Vánio A Mugabe, Eduardo S Gudo, Osvaldo F Inlamea, Uriel Kitron, Guilherme S Ribeiro
In early 2019, following the 2015–2016 severe drought, the provinces of Sofala and Cabo Delgado, Mozambique, were hit by Cyclones Idai and Kenneth, respectively. These were the deadliest and most destructive cyclones in the country’s history. Currently, these two provinces host tens of thousands of vulnerable households due to the climatic catastrophes and the massive influx of displaced people associated with violent terrorist attacks plaguing Cabo Delgado. The emergence of the COVID-19 pandemic added a new challenge to this already critical scenario, serving as a real test for Mozambique’s public health preparedness. On the planetary level, Mozambique can be viewed as a ‘canary in the coal mine’, harbingering to the world the synergistic effects of co-occurring anthropogenic and natural disasters. Herein, we discuss how the COVID-19 pandemic has accentuated the need for an effective and comprehensive public health response in a country already deeply impacted by health problems associated with natural disasters and population displacement.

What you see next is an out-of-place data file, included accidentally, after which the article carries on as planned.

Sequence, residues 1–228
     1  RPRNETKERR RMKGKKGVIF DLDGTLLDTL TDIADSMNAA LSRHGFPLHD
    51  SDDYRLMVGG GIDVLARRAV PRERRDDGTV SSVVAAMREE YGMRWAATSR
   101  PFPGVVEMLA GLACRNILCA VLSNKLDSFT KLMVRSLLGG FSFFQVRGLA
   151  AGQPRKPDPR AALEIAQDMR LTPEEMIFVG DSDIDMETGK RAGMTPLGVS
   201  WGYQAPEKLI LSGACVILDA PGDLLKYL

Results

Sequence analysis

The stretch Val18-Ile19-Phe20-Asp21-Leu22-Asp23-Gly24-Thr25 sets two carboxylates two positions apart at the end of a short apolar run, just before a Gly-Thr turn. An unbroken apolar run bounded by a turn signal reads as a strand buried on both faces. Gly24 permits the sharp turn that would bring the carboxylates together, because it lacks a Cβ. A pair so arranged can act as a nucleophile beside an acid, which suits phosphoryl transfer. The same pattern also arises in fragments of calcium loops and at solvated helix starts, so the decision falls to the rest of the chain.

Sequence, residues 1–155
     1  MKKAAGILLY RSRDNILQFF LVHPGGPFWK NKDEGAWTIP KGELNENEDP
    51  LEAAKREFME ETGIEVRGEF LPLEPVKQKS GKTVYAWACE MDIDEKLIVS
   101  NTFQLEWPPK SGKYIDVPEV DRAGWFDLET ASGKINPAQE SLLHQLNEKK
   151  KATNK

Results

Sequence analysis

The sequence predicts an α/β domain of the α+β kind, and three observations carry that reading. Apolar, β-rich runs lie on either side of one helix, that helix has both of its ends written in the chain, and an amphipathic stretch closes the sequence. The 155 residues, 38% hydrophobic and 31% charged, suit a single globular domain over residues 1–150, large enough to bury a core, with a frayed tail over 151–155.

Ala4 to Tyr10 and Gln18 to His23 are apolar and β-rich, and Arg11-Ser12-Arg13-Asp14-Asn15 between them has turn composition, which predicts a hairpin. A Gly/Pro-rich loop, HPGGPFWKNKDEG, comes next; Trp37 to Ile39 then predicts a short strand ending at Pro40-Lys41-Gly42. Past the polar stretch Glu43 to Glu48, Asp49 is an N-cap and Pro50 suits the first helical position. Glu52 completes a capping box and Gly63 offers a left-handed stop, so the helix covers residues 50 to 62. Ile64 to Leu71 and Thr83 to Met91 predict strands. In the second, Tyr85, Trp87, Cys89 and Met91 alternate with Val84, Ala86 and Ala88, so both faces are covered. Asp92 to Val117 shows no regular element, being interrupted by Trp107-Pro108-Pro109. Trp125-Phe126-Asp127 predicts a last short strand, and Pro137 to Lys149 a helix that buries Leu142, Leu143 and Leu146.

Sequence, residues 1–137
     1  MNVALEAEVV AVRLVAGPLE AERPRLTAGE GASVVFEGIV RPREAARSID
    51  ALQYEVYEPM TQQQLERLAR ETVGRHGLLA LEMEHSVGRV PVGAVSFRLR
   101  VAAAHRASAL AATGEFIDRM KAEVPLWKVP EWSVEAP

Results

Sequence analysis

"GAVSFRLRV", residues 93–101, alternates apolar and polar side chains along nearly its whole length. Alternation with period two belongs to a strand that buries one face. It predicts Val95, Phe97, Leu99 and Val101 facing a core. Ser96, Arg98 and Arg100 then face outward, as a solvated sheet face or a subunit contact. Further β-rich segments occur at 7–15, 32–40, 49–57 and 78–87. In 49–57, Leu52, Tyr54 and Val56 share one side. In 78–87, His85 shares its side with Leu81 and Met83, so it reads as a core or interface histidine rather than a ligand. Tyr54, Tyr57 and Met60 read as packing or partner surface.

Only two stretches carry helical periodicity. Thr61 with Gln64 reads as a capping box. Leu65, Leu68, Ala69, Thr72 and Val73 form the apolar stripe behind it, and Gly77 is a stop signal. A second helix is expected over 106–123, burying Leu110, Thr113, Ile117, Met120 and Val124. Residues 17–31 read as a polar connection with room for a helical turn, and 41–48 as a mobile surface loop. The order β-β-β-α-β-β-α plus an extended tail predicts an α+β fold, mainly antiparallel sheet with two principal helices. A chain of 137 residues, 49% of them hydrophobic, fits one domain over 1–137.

In 2019, Mozambique was hit consecutively by the two deadliest and most destructive cyclones of the last decades of the country’s history, following the 2015–2016 severe drought.
This was the first time in Mozambique’s recorded history that a drought, a series of severe cyclones and floods occurred consecutively, pointing to the need for better preparedness to address similar phenomena in the future in the context of climate changes.
Terrorist attack and the COVID-19 pandemic added new challenges to this already critical scenario.
The national health system needs to not only respond to emergencies, but also to participate in multisectoral actions to prevent the effects of disasters on exposed populations.